It was cold & foggy as I got up to get ready for todays half marathon. I’d decided on short sleeve shirt, with club vest over it. I added cap (to keep hair out of my face) and my longest shorts – a mid calf length pair. At the last minute I threw in my new light gloves, thinking that with short sleeves the hands might get extra cold. To keep warm before and after, I also wore some tracky bottoms & my club hoodie. The one item of clothing you’d think it impossible to put on back to front would be a hoodie, but, this morning, I managed it. Not sure how, and it took me an embarrassingly long time to work out why it all felt quite so odd!
Breakfast was porridge, coffee & a pint of squash, just to keep the liquid levels well topped up. And off I went in the car. Really heavy fog most of the way there, but, fortunately, very little traffic until I approached the race HQ. Here there were an assortment of cadets directing traffic to parking places, so I parked up and followed the mass of people towards the HQ. Collected my number and found some other club people. Gradually sorted myself out, including having my pre-run banana, getting clothing on and putting the bag in the baggage store. We had a short walk to the race start, and I hung about at the back of the pack in order to not get distracted into going off too fast – for I had a plan…
The plan was to run at 11 min/miles until one of three things happened:
- The wheels fell of the wagon and I walked/ran to the end
- I reached the finish in a (hopefully) new PB of 2:25 ish
- I got to 10/11 miles and picked the pace up.
1 shouldn’t happen, 2 was my probable scenario and 3 was going to be all my Christmases come at once.
The gun went off and we gradually moved forward to the start. It was still rather foggy at this stage, although the sun was threatening to break through. I set off at approximately my planned pace and it didn’t take very long before I found myself pretty much last. I can’t say I spent a lot of time checking to see if this was the case, but I was certainly not aware of anyone behind me for easily the first 3 miles. This race has a 2:30 cut off, and there are very few, if any, times beyond this in previous years. But I tried not to let it bother me, and just to concentrate on my race.
At 2 miles I dug into my shorts pocket for the first of the jelly beans I’d bought along for energy. One a mile until they ran out at mile 10. Realised that I couldn’t open the packet in gloves, so these were removed & tucked in the bra for safekeeping. Yet another reason why running is not a fashion statement sport! The hands were warm enough by this time, so it wasn’t a hardship running without them.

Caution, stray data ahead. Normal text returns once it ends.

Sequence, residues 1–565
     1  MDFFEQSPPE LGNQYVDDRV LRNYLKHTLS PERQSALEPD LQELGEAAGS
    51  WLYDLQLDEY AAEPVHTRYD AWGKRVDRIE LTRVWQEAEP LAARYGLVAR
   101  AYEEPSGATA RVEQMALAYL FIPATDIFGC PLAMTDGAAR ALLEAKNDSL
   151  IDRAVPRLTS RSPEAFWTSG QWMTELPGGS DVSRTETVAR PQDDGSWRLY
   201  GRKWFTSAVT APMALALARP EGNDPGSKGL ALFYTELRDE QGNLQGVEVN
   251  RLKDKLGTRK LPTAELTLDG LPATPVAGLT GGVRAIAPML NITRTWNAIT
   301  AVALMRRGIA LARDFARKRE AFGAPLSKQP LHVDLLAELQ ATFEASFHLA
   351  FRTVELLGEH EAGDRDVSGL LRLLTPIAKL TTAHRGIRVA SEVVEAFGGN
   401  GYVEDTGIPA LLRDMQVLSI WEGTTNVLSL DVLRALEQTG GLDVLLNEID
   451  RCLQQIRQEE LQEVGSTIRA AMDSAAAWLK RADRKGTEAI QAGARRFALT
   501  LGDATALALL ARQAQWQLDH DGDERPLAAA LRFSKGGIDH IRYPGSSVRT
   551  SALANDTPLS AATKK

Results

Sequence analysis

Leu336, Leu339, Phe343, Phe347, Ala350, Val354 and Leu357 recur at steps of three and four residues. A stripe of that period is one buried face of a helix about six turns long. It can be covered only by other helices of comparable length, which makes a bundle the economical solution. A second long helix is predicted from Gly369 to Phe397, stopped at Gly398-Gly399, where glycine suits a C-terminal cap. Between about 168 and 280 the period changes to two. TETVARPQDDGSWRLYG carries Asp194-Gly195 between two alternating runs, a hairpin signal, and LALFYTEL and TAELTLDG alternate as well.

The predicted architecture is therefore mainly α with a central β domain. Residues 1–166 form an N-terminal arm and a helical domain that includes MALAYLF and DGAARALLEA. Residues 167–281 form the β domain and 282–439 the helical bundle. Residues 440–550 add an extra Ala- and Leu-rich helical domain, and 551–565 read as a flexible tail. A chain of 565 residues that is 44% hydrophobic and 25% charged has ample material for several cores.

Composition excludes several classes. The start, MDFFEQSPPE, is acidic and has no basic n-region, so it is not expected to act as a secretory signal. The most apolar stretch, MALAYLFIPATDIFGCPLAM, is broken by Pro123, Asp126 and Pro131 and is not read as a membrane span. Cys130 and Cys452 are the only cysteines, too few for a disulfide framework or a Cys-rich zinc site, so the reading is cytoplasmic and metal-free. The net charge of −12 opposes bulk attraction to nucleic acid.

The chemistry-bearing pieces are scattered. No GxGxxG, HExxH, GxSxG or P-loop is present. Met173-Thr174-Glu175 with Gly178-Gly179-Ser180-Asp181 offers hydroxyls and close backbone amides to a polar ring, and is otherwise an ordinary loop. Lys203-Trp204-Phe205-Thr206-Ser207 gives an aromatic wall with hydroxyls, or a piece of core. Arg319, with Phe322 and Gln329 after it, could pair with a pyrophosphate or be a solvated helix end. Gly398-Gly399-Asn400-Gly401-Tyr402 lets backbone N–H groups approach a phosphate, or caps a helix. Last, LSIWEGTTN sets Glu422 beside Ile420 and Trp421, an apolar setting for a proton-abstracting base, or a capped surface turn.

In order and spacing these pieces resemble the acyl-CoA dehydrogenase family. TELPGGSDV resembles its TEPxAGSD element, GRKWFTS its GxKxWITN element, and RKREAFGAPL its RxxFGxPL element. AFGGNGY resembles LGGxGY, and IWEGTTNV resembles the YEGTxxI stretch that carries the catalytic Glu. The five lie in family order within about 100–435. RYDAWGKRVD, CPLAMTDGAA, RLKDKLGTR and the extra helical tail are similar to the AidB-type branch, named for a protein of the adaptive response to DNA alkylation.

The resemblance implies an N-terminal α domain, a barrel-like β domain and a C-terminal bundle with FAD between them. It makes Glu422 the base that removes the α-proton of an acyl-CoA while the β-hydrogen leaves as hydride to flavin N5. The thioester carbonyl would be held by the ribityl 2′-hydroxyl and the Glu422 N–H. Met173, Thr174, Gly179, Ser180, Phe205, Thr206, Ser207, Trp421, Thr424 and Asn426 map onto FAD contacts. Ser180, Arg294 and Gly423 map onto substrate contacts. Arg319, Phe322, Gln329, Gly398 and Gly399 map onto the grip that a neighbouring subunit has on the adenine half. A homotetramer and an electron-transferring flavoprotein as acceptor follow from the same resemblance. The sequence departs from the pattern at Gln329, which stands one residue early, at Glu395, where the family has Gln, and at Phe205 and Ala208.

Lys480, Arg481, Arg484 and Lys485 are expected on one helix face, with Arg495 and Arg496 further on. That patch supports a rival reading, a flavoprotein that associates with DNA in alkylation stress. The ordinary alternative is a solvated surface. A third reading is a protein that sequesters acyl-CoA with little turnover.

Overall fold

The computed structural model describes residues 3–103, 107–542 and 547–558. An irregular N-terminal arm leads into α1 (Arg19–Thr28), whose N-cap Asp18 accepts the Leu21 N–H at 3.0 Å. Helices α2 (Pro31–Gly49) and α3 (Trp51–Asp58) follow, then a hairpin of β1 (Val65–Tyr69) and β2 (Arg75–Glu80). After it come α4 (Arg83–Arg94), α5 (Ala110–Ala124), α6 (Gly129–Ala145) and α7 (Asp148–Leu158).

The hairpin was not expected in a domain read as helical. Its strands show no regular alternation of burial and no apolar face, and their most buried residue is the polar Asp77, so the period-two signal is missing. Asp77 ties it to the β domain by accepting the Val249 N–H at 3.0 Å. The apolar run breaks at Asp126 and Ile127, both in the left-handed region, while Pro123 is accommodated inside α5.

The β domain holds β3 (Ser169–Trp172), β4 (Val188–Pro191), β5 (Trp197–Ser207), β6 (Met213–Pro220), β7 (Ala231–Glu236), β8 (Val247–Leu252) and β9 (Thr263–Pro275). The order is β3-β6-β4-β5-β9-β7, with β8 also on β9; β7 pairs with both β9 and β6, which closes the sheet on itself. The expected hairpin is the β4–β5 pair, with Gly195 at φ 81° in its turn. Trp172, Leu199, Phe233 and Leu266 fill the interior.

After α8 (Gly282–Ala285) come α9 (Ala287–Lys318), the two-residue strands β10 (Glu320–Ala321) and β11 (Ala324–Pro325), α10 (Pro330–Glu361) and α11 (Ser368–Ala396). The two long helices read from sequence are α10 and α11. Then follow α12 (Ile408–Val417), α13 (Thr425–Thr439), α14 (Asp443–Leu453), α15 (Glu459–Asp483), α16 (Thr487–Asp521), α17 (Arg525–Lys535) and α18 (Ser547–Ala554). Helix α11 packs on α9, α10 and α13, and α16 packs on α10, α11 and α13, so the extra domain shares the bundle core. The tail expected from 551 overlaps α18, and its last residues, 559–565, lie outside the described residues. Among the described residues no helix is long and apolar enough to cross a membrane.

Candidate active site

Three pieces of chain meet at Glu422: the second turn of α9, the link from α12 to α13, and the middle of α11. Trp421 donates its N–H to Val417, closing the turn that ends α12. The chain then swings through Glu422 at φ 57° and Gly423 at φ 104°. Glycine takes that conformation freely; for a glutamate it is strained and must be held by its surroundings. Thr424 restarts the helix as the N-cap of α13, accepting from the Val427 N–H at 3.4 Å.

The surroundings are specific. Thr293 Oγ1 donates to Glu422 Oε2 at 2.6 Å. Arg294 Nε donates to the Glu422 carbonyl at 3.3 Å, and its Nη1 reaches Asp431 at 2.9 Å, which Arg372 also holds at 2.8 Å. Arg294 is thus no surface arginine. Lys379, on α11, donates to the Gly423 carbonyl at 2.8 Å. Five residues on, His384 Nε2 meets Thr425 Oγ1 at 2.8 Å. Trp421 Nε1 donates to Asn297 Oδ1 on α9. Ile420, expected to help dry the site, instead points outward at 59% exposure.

It was very strange to see people spreading out into the distance and disappearing into the murk! It was very still and quiet, with no breeze to shift the fog and no bird song. All in all a rather odd sensation.
I tried to keep going at about the same pace, ignoring other people, but, sometime after 5 miles, I noticed that I was starting to catch & pass people. This doesn’t usually happen to me! I tried not to get carried away, and overtake them fast, rather to just creep up on them and then overtake gradually. It’s a major mistake to speed up in order to overtake fast, as it ruins the rhythm and uses energy that you’ll need later. At about 6 miles, I caught Andy, the first of the other runners with my club. Just before 7 I caught Maria. This was her first half, and it sounded as if she’d gone out too fast, so she ran with me for the next mile & half, but was starting to slow and so I carried on. She came in with a good 2:30 time, a respectable time for a first attempt at the distance. These weren’t the only people I caught, but the club do support each other.
As we headed past 7 miles, the sun finally came out and it was a beautiful day. Blue skies and clear, but still breezeless. Very nice to run in, actually. At 10 miles I realised I was 2 minutes ahead of my 11 min/mile target, and thought that if I picked the pace a little, I might stand a chance of 2:20, rather than just breaking 2:25. So I sped up a little, trying to get down to 10:30 min/miles. I carried on catching people, concentrating on one at a time, and not trying to speed past them, but just head down and reel them in. It seemed to be working.
As I passed 12 miles, I saw I had just about 11 minutes to get to the finish in 2:20. I thought that had to be worth a go. All the information about this race proclaims a downhill finish, so I started to really wind it up and make the most of the slight gradient. I was slightly surprised that I was able to find this in myself, and it really did start to hurt here. But that last mile went by. I hope you’ll forgive me if I didn’t bother trying to hit the lap button on the Garmin as I went through 13 miles, saved the energy for what was, by now, something approaching a steam train in full flight. No, it wasn’t pretty, but it did exactly what was required, and I stopped the watch at the finish in 2:19:58.
I can’t pursuade the picture of the garmin data to upload, so hopefully you can see it here. Doc2 As you’ll be able to see from the splits, not too bad. Certainly not for me, anyway!
I can’t decide which I’m more proud of, the fact that I ran to the race plan, and executed it so well, or the time. 2:20 is 7.5 minutes off my last PB, and this time I did it all by myself.